Water, water everywhere

This week we have been accompanied by water. Our first watery themed walk began by searching for the source of the River Avon, one site of this is supposed to be a well near Tetbury. Later the same day we found ourselves by the side of the disused Cotswold canal. We joined this canal by the Tunnel Inn which stands at one end of a two mile tunnel. When the tunnel was in use, the barges had to be ‘legged’ the two miles through the tunnel and someone had to lead the horse or donkey over the hill. Unsurprisingly it was thirsty work and there is a pub at either end of the tunnel.

Canal Tunnel Entrance
Canal Tunnel

Nearby is the site of the source of the river Thames. Needless to say, after the dry weather we have had it was completely empty of water, but later on when we re-joined the river at Castle Eaton there was a sizeable flow of water and a compassionate landlady at the pub who quenched out thirst even though the pub was closed.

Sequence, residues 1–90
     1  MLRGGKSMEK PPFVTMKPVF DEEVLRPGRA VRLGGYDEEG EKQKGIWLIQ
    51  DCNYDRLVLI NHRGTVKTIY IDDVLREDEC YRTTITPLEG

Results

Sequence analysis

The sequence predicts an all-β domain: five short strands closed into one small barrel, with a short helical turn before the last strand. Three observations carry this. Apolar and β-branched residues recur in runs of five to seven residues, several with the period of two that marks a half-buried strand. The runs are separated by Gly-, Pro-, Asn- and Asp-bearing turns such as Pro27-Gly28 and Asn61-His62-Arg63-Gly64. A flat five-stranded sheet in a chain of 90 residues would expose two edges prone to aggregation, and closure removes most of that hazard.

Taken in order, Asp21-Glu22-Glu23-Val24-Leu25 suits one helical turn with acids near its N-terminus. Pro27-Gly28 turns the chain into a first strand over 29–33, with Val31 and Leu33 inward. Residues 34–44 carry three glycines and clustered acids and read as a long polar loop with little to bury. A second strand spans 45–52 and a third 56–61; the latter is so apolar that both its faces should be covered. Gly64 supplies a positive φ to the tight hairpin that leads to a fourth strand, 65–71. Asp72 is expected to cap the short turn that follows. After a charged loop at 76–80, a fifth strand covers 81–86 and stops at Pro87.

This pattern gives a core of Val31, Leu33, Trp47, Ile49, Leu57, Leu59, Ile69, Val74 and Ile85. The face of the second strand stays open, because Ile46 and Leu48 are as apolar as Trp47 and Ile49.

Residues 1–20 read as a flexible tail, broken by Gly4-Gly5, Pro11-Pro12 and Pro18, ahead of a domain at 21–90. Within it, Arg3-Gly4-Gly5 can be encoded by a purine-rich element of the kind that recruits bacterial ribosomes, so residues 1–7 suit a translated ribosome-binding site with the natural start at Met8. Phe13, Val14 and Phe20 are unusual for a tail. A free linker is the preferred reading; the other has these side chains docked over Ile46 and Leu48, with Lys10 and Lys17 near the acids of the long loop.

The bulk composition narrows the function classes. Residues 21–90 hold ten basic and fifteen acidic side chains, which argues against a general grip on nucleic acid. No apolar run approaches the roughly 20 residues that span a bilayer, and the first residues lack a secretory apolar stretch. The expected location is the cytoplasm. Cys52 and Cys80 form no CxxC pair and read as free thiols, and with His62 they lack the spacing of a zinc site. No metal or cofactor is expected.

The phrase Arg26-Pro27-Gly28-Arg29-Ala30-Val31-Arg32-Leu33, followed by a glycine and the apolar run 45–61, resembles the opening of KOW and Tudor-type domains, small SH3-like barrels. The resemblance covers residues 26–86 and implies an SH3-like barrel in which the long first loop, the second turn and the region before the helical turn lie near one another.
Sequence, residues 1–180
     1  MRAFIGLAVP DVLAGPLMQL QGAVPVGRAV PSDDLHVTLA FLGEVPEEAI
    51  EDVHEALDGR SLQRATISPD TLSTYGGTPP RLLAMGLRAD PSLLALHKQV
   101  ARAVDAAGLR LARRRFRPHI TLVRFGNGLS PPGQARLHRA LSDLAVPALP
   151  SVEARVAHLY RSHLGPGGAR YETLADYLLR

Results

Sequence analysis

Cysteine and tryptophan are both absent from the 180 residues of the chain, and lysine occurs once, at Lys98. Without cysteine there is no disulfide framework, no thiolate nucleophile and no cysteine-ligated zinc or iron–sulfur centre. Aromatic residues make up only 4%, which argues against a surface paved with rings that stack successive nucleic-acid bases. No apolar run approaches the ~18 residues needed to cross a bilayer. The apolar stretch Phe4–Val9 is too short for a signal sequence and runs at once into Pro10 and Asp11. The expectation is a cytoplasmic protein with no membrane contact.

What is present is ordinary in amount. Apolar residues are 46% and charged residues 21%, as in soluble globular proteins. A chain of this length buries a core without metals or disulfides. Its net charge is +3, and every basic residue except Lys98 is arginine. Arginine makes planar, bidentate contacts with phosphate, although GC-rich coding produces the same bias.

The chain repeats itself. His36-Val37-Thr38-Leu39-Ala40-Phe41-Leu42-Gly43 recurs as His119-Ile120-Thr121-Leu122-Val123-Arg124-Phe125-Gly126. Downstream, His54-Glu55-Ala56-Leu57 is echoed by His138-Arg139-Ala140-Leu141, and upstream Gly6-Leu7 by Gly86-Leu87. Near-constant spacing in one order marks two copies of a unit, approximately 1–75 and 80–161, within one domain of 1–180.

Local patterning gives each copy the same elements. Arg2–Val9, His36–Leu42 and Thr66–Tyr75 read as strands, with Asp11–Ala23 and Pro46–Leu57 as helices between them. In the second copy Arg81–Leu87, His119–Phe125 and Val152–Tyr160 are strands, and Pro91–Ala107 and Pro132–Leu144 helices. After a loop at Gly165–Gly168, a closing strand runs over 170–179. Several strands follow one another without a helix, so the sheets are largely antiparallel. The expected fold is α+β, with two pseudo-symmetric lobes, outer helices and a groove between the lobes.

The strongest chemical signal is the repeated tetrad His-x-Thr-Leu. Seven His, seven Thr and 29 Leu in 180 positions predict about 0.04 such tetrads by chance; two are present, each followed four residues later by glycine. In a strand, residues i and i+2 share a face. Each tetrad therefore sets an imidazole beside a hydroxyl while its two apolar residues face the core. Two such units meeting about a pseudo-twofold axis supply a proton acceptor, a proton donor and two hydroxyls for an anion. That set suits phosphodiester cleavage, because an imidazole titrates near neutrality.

Source of the Thames
Source of the Thames

The Thames path was our flat route and we watched water-craft of various shapes and sizes glide by. Andrew and Penny, a couple we met 3 times invited us aboard their barge for tea and we really enjoyed looking around it. In Oxford there is a short walk through the northern suburbs to meet the Oxford canal which we followed north to Banbury. The 25 miles of this canal was greatly increased in interest for us by the large number of barges on it. Each barge seemed different from its neighbours. Some gaily decorated, many with roof gardens and some with all kinds of extras strapped on. Wildlife has also been full of interest with many ducklings, goslings and signets, dragonflies, mayflies and damsel flies; not to mention a wonderful display of wild flowers.

Damsel fly on my hand
Damsel fly on my hand

Week 6 Statistics

Scrabble: Nancy 1 John 1

Trig Points 0

Kissing Gates 11

En route donations £40

Chinese takeaway 2

River or canal locks 24


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